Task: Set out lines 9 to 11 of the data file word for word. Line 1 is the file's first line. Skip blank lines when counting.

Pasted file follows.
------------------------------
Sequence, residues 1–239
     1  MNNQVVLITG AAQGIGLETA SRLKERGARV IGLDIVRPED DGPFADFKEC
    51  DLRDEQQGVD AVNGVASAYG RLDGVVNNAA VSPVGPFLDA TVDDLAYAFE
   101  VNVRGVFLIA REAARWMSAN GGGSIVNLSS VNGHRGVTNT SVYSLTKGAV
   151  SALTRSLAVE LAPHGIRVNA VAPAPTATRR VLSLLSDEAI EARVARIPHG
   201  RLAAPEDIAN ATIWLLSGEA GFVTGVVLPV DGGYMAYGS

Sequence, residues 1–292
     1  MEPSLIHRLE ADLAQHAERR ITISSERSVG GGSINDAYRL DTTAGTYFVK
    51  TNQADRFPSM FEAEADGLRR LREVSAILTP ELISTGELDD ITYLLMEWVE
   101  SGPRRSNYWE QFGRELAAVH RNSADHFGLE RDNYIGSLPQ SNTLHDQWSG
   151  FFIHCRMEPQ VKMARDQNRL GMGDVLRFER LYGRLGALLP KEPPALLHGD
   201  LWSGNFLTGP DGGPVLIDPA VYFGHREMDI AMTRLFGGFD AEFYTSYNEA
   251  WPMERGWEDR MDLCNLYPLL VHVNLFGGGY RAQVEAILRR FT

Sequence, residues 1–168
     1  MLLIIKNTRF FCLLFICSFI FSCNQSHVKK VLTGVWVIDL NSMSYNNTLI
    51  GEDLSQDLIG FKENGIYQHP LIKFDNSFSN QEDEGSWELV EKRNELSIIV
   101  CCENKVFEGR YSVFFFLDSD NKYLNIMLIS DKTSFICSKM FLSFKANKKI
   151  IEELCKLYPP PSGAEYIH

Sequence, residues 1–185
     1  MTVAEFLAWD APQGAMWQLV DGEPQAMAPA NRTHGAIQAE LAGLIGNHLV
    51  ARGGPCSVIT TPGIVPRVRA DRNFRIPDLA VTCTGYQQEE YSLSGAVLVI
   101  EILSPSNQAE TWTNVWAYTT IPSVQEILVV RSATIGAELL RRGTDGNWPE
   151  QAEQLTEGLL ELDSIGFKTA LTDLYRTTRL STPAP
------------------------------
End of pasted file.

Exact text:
    51  TNQADRFPSM FEAEADGLRR LREVSAILTP ELISTGELDD ITYLLMEWVE
   101  SGPRRSNYWE QFGRELAAVH RNSADHFGLE RDNYIGSLPQ SNTLHDQWSG
   151  FFIHCRMEPQ VKMARDQNRL GMGDVLRFER LYGRLGALLP KEPPALLHGD